I heard of EMDR, but what is it?
EMDR stands for Eye Movement Desensitization and Reprocessing. This is a trauma treatment that has been around for a couple decades and is quite successful.
The following is how I describe it to my clients:
When we go through our day, our brain puts what happens into file folders. These folders go onto our desk. For example, eye doctor folder, work folder, soccer game folder, etc. At the end of the day, we have quite a few folders on our desk and need to clean them up or else they get cluttered. A filing cabinet is a good place to put them! This is what scientists now believe is happening when we sleep and have rapid eye movements. Our brain is taking all the folders that are on our desk and filing them away in the cabinet for use later on - if they are needed (long term memory).
When a trauma occurs, that file stays on our desk and does not make it to the filing cabinet. When another event occurs that reminds us of that traumatic event, another page is added to the file. If the trauma is not dealt with, the pages keep adding up until the file is too thick to close and remains open and we live in constant trauma mode.
EMDR helps the brain to clean this trauma file - one page at a time - by doing the same eye movements while you are awake that you automatically do while you a
re sleeping. It can by done by following the therapist’s hand, watching a light, or tapping. Over time, you eventually file all the memories away in the filing cabinet of your memory and they are no longer open on your desk causing daily pain. This does not mean the memory is forgotten, it just does not hurt every day.
I have training to conduct EMDR on both adults and children. I find that children clear their desks quite quickly because they have less files filled. Adults can take a bit longer because of how many experiences we have had. When preparing for EMDR, I will use sandtray therapy and bibliotherapy. In a previous blog, I talked about sandtray (check it out here!), but I will take some time to explain bibliotherapy: it is essentially using books as a tool in the therapeutic process. For kids, they can relate to the characters in the story, seeing that others have the same problems they do, and learn new strategies to cope with their lives. For EMDR to be successful, you must be able to identify your feelings: how strong they are; where in your body you feel them; thoughts that go with them. I have a selection of books which help children identify all of these. Some books are everyday books that you may have on your bookshelf, others are more clinical and specific to psychology.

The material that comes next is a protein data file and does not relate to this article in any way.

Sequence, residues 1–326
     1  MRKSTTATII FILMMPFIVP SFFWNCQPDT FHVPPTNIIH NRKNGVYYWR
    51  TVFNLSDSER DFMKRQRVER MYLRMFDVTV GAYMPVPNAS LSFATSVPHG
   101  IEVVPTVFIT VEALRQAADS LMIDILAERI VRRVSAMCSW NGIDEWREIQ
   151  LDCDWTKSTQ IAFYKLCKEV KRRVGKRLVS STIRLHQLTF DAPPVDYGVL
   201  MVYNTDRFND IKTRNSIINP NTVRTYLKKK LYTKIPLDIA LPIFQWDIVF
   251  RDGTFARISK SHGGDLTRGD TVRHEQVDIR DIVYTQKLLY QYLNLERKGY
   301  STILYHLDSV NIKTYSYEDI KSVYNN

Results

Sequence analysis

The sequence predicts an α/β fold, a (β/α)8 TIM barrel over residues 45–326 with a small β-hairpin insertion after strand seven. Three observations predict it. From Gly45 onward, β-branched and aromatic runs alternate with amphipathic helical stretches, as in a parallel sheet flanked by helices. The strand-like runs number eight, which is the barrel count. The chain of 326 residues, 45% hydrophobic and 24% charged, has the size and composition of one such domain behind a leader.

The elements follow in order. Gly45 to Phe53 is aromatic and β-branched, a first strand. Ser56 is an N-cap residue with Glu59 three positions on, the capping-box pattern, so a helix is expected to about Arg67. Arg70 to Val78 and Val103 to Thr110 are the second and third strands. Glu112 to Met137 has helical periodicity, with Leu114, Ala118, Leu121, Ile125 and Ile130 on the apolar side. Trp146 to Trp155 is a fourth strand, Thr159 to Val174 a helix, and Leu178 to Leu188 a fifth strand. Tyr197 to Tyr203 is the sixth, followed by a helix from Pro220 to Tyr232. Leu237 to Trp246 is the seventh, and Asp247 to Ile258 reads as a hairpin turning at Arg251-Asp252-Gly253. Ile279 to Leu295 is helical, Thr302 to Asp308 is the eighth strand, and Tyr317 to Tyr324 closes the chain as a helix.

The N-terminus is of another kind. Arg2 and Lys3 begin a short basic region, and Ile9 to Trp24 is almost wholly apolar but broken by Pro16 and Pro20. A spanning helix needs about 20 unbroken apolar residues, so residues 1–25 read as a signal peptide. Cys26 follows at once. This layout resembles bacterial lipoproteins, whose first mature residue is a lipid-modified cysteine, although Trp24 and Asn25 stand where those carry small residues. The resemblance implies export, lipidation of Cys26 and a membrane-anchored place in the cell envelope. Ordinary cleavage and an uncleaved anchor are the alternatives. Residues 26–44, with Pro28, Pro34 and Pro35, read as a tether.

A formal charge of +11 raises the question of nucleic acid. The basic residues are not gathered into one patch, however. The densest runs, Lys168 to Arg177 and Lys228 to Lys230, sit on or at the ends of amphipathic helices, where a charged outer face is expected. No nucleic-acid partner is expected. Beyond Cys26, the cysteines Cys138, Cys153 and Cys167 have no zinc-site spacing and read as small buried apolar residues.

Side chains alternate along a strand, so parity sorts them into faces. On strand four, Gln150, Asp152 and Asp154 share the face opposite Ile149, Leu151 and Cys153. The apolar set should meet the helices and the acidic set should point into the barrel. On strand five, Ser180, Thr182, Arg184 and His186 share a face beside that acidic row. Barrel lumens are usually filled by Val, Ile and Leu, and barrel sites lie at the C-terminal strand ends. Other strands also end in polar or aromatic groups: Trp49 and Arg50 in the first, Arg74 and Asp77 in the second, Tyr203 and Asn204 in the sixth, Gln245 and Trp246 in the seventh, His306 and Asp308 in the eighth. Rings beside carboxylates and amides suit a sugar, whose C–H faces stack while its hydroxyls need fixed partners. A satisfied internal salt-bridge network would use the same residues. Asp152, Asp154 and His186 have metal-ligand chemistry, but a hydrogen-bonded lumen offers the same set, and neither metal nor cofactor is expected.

We have all gone through our own versions of trauma and sometimes our brains can sort it out on their own, but other times it just needs a little nudge in the right direction. EMDR, done in a safe, caring, and calm environment, is very beneficial to many people and can provide the nudge needed.
Aspire Psychological Services